A frequently used type of lithographic printing plate precursor comprises a photosensitive coating applied onto a substrate on aluminum basis. The coating can react to radiation such that the exposed portion becomes so soluble that it is removed during the developing process. Such a plate is referred to as positive working. On the other hand, a plate is referred to as negative working if the exposed portion of the coating is hardened by the radiation. In both cases, the remaining image area accepts printing ink, i.e. is oleophilic, and the non-image area (background) accepts water, i.e. is hydrophilic. The differentiation between image and non-image areas takes place during exposure, for which a film is attached to the printing plate precursor under vacuum in order to guarantee good contact. The plate is then exposed by means of a radiation source. When a positive plate is used, the area on the film corresponding to the image on the plate is so opaque that the light does not reach the plate, while the area on the film corresponding to the non-image area is clear and allows light to permeate the coating, whose solubility increases. In the case of a negative plate, the opposite takes place: The area on the film corresponding to the image on the plate is clear, while the non-image area is opaque. The coating beneath the clear film area is hardened due to the incident light, while the area not affected by the light is removed during developing. The light-hardened surface of a negative working plate is therefore oleophilic and accepts printing ink, while the non-image area that used to be coated with the coating removed by the developer is desensitized and therefore hydrophilic.

Photosensitive mixtures have been used for years in photopolymerizable compositions for the production of photosensitive materials such as e.g. soldering masks for printed circuits and printing plates. However, an improved sensitivity in particular in the visible spectral range is required for new and advanced applications (e.g. exposure by means of lasers) so that the exposure time can be shortened. From an economic point of view it is also important that low-intensity lasers can be used which are less expensive and more reliable than high-intensity lasers. Therefore, efforts have been made for some time to increase the sensitivity of photosensitive mixtures that are to be used in photopolymerizable compositions.

EP 0 355 387 A2 describes a photopolymerizable mixture comprising an acrylic or alkacrylic acid ester of the formula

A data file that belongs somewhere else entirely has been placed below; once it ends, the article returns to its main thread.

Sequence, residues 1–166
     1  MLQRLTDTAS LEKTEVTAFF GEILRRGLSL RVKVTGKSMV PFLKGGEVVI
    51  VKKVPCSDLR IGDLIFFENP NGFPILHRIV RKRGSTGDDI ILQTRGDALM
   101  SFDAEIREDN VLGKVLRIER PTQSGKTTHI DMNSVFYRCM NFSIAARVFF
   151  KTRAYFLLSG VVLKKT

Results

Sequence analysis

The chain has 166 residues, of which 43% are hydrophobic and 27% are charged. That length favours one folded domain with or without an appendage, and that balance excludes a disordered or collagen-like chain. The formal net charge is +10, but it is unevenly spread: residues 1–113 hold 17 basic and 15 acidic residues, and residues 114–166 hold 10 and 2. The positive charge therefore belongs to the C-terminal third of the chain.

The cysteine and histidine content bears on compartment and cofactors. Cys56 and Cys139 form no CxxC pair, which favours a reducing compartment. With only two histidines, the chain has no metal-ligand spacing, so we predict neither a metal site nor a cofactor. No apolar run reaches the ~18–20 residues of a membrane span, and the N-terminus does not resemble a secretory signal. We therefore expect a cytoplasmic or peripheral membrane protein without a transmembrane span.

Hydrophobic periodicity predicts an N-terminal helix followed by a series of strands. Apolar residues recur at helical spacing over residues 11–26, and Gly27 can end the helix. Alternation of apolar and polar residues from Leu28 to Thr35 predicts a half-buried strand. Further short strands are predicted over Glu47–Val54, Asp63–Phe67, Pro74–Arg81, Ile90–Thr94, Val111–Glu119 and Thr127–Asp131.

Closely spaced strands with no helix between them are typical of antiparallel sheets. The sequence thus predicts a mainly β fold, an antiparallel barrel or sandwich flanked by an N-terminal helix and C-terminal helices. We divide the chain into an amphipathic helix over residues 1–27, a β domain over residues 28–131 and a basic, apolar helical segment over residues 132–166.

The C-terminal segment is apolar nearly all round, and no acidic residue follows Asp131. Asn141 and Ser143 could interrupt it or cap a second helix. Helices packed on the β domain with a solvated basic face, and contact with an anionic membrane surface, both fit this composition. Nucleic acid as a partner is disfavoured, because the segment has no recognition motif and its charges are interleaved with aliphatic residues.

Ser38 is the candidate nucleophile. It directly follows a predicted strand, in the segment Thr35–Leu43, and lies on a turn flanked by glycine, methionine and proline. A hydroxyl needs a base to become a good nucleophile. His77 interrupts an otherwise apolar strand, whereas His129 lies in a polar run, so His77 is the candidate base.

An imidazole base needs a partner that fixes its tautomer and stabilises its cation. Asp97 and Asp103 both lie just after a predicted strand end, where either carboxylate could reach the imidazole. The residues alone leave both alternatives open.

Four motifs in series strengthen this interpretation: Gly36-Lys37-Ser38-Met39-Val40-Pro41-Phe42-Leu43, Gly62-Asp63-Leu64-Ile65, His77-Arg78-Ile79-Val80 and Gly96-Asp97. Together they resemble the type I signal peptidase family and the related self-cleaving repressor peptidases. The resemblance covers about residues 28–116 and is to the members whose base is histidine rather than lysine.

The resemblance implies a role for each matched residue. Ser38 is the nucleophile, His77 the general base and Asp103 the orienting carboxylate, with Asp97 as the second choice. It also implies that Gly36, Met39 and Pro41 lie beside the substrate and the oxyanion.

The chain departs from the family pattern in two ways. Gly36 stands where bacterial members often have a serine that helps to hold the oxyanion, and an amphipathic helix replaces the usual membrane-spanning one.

a polymeric binder, a photoreducible dye, a trihalogenmethyl compound and a photoinitiator selected from acridine, phenazine and quinoxaline compounds. However, the mentioned esters lead to the formation of sludge in the developer bath.

DE 23 61 041 A1, EP 0 582 753 A1 and JP 2001-117217 describe photopolymerizable coatings comprising monomers with urethane groups and ethylenically unsaturated groups. It has been found that aged coatings are difficult to develop.

The U.S. Pat. Nos. 3,856,830; 4,999,271 and 6,207,347 B1 also describe ethylenically unsaturated urethane monomers. While photopolymerizable coatings produced with these monomers exhibit good sensitivity, further improvement would be desirable.

It is the object of the present invention to provide novel radiation-sensitive elements exhibiting improved properties compared to those known in the prior art; in particular a high degree of photosensitivity, a high degree of thermal stability and high resolution in combination with good storage stability and—in the case of printing plates—yielding a large number of copies on the printing machine. Furthermore, no or very little sludge should be formed in the developer bath during developing.

This object is achieved by providing a radiation-sensitive element comprising

    • (a) a substrate and
    • (b) a radiation-sensitive coating comprising
      • (i) at least one component selected from photoinitiators and sensitizer/coinitiator systems which absorbs radiation of a wavelength in the range of 250 to 1,200 nm;
      • (ii) at least one oligomer A of formula (I)

      •  wherein X1, X2 and X3 are independently selected from straight-chain or cyclic C4-C12 alkylene and C6-C10 arylene, a heterocyclic group, a heteroaromatic group and combinations of two or more of the above,
      •  R1, R2 and R3 are independently selected from
        —(CHR4—CHR4—O)n—R5  (II)
      •  and
      •  wherein

      •  each R4 is independently selected from a hydrogen atom and CH3, each n is independently 0 or an integer from 1 to 20, each m is independently 0 or 1;
      •  if n in formula (II) is 0, R5 is independently selected from

      •  if n in formula (II) is an integer from 1 to 20, R5 is independently selected from

      •  and each R6 is independently selected from a hydrogen atom,

      •  with the proviso that (1) n=0 in at least one of the groups R1, R2 and R3, and (2) n>2 in at least one of the groups R1, R2 and R3, and (3) at least one group R6 is different from H in formula (III).